I recently spoke at the Florida Public Relations Association’s (FPRA) National Conference in Boca Raton, Florida. It was an excellent conference with a variety of top notch speakers who covered topics ranging from Disney’s community relations program to the basics of SEO. I participated on a panel session, “PR under Fire” and discussed a few of the challenges in the PR industry today. One reason PR is under fire stems from PR professionals being seen as nothing more than handlers and facilitators of information. For years, unfortunately, our work has been reduced and described by the media and bloggers as broadcast messages in news releases with spin and hype that carry little value or meaning for the market. On a positive note, I also said that PR 2.0 would enable PR professionals to use social media to become influencers and to rebuild our reputation to the rightful status that we deserve.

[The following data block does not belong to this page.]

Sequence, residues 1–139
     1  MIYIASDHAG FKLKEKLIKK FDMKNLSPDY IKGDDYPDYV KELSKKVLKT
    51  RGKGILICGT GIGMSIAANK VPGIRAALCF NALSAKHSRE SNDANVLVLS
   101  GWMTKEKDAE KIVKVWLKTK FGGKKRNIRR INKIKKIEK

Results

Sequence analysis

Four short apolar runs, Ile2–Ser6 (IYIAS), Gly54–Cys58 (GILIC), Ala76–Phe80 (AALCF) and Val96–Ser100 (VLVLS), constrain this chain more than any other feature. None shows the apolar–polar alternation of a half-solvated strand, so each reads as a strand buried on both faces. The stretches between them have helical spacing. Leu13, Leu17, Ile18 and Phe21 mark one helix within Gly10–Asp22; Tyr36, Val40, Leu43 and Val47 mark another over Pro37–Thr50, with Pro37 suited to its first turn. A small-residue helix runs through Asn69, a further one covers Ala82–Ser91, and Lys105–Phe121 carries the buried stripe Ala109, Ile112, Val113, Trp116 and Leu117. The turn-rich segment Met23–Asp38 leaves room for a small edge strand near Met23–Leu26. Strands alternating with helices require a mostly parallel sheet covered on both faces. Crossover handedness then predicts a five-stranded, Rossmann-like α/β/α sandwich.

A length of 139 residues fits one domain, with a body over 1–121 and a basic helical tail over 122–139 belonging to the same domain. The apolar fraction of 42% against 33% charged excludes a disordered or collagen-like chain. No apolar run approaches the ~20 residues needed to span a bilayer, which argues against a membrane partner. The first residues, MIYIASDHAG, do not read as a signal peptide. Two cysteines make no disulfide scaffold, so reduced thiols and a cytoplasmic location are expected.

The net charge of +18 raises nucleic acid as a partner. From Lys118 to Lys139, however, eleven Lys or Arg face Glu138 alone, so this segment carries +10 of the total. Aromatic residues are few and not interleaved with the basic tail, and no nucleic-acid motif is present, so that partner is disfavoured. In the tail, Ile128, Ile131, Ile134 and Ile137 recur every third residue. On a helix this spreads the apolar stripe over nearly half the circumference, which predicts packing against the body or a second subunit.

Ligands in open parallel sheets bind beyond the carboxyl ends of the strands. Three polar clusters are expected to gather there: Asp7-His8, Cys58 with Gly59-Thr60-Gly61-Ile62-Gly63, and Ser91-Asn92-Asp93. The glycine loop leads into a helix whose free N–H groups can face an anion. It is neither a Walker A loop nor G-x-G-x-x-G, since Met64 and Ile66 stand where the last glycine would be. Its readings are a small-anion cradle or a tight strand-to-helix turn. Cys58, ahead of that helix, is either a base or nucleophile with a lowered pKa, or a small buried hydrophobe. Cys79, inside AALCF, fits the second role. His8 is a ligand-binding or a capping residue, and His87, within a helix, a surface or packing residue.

As you may know, I love spending time on Twitter. I’m meeting new people every day who share similar interests. Most of the people I follow contribute to the community with information on PR, PR 2.0, Social Media, technology, marketing, branding and business. When someone requests to be my friend, I still take the time to review his/her profile and I check out any links to websites, if they are provided. I also review their tweet stream to see if they share a passion and enthusiasm for the subjects that I like and see if they discuss articles or topics that have retweet potential. It’s really important that when you make a connection with someone on Twitter, from that point forward the communication is meaningful and you’re finding value from your new friendship. After all, social networking takes time and energy. From experience, I can say that it’s worth the commitment it, if you can grow your network, learn from others and create some mutually beneficial relationships.